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Bipolar Teen Missing After Jail Release: Should Police Have Done More to Ensure His Safety?

An 18-year-old Orange County teen has been missing for several weeks following his release from a 60-day jail stay.  The teen is bipolar and has a long history of mental illness. He has been in treatment for most of his adolescence. Unfortunately, he allegedly went off of his medication during his jail stay and, upon his release from jail, was simply allowed to leave. His family is now searching desperately for him.  The case raises questions of what responsibility the police had to protect him from injury or harm. An Orange County injury lawyer examines the case.  

The Obligations of Law Enforcement


In the state of California, there is a general rule that people have no duty to come to the aid of others unless specific exceptions exist imposing such a duty. This general rule of no-duty-to-aid even applies to police officers and law enforcement officials. Courts have repeatedly held that police officers have no general obligation to provide assistance or aid to the public and cannot be held liable for injuries that occur due to failure to protect. 

However, there are two specific exceptions that do impose a duty to protect upon law enforcement: the special relationship rule and the state-created danger rule.  These rules ultimately stem from the right to life and liberty found in the 14th Amendment, as an unjustified intrusion into an individual's personal security can be seen as a violation of the right to liberty.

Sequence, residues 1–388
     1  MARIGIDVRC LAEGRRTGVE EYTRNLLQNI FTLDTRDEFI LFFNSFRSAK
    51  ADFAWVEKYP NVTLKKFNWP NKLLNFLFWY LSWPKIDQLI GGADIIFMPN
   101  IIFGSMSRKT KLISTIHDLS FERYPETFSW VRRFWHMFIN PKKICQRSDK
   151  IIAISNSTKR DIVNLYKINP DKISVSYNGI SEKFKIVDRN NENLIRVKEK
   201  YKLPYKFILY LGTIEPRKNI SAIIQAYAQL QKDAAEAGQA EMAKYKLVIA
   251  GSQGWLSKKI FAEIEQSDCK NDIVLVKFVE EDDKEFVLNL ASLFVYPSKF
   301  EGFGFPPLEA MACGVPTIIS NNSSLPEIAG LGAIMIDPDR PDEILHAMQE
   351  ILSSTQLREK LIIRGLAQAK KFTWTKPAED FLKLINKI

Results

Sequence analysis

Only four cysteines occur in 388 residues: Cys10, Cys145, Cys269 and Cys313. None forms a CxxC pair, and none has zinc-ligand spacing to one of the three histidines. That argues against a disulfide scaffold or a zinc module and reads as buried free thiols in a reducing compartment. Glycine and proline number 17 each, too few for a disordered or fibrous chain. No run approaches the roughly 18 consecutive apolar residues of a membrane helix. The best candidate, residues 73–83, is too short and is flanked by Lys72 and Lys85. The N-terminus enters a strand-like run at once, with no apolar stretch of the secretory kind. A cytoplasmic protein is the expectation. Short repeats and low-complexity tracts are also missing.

The special relationship rule says that when the police create a special relationship with private actors, a duty to protect is created as well. For instance, police have an obligation to protect those they have taken into custody, both during transport, at the scene or at the jail. This duty arises, in most cases, only after the individual is in the physical custody of the police.

The state created danger rule or the "danger exception" as it is sometimes called, imposes a duty to protect on law enforcement if the state put the individual in a situation of peril. L.W. v. Grubbs, 974 F.2d 119, 121 (9th Cir.1992) indicated that this exception to the rule of non-liability exists when the state acts affirmatively in placing someone in danger. 

The state created danger rule has been applied in a number of situations. In Wood v. Ostrander, 879 F.2d 583 (9th Cir. 1989), the court determined that the danger creation rule applied when police ejected the passenger of a vehicle and essentially left her by the roadside after arresting the driver and impounding the vehicle.  In L.W. v. Grubbs, the rule applied when a prison nurse was raped after state prison officials selected a violent sex offender to work alone with her in the prison clinic. In Munger v. City of Glasgow Police Dept., 227 F. 3d 1082 (9th Cir. 2000), police forcibly ejected an intoxicated patron from a bar without his coat and the danger exception applied when the man subsequently died of hypothermia after wandering away.